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Keywords:

  • DHA;
  • docosahexaenoic acid;
  • dietary supplement;
  • EPA;
  • eicosapentaenoic acid;
  • fish oil;
  • ginger;
  • herb;
  • omega-3 fatty acid;
  • pregnancy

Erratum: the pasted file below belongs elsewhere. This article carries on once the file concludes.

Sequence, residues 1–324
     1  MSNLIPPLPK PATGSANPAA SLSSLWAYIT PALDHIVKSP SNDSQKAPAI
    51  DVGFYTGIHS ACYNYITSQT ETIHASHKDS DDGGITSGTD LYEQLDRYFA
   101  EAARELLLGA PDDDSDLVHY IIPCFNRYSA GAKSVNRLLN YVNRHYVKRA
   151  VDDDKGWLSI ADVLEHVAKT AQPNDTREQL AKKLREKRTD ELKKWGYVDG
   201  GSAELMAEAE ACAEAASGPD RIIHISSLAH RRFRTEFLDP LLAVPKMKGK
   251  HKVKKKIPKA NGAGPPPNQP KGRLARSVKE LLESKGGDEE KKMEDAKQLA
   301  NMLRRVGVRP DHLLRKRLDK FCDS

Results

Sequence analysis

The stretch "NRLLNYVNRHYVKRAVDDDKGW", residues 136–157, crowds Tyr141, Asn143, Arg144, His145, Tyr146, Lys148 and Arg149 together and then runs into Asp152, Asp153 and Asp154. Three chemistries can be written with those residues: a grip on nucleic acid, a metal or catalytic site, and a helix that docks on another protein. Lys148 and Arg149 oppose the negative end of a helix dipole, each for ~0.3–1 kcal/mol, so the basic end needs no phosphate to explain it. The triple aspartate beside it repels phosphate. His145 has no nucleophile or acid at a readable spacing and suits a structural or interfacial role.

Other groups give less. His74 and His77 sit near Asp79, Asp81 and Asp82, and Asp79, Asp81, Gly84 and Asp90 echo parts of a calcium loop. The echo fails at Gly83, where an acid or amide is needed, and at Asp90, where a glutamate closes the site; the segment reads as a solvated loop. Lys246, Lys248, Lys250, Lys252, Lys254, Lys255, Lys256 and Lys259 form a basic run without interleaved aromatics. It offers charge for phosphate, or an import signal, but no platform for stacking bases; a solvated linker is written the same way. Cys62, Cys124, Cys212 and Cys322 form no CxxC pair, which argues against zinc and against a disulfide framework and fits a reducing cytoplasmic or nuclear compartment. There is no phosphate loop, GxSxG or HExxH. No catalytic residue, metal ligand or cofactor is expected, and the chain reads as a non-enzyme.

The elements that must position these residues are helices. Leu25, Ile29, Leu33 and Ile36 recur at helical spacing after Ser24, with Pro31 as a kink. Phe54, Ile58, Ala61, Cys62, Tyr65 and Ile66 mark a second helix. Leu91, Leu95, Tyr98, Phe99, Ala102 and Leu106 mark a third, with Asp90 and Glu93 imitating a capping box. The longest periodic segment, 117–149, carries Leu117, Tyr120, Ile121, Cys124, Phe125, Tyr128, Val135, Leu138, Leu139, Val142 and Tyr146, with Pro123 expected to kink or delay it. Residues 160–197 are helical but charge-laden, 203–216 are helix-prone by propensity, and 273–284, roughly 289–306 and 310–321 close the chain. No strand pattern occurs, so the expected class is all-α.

Dietary supplements may be used by pregnant women if they perceive them to be natural and healthy products, if they are fearful of using prescription drugs, or if they are recommended by a health care provider. Usage surveys indicate that midwives feel comfortable in recommending some herbal products to their patients. There are sufficient data from randomized controlled trials on omega-3 fatty acids and ginger that their pharmacologic properties, efficacy, and safety data for specific indications in maternal health can be evaluated. Requests for information regarding these substances are likely to be encountered by health care providers who care for pregnant women. Omega-3 fatty acids benefit gestation, infant vision, and neurodevelopment, while effects on major depression in pregnancy and postpartum depression are less clear. Ginger is efficacious for nausea and vomiting in pregnancy but is limited in its safety data. Pharmacologic properties of each supplement and pathophysiology related to each indication are reviewed. It is recommended that pregnant and lactating women be advised to take an omega-3 fatty acid supplement daily, while the recommendation to use ginger is tentative and will likely be based on each practitioner's comfort level with the safety data that are presented.